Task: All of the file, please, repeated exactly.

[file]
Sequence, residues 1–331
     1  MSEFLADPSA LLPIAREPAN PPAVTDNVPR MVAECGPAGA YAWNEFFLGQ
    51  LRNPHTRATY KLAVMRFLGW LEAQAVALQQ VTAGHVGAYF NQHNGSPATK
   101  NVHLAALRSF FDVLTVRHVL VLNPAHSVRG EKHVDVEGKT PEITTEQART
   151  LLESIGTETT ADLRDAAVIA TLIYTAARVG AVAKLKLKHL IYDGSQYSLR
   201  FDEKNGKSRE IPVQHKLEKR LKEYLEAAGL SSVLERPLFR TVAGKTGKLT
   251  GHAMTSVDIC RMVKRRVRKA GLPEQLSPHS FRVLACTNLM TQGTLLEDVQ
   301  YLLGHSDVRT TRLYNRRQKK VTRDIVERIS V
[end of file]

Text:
Sequence, residues 1–331
     1  MSEFLADPSA LLPIAREPAN PPAVTDNVPR MVAECGPAGA YAWNEFFLGQ
    51  LRNPHTRATY KLAVMRFLGW LEAQAVALQQ VTAGHVGAYF NQHNGSPATK
   101  NVHLAALRSF FDVLTVRHVL VLNPAHSVRG EKHVDVEGKT PEITTEQART
   151  LLESIGTETT ADLRDAAVIA TLIYTAARVG AVAKLKLKHL IYDGSQYSLR
   201  FDEKNGKSRE IPVQHKLEKR LKEYLEAAGL SSVLERPLFR TVAGKTGKLT
   251  GHAMTSVDIC RMVKRRVRKA GLPEQLSPHS FRVLACTNLM TQGTLLEDVQ
   301  YLLGHSDVRT TRLYNRRQKK VTRDIVERIS V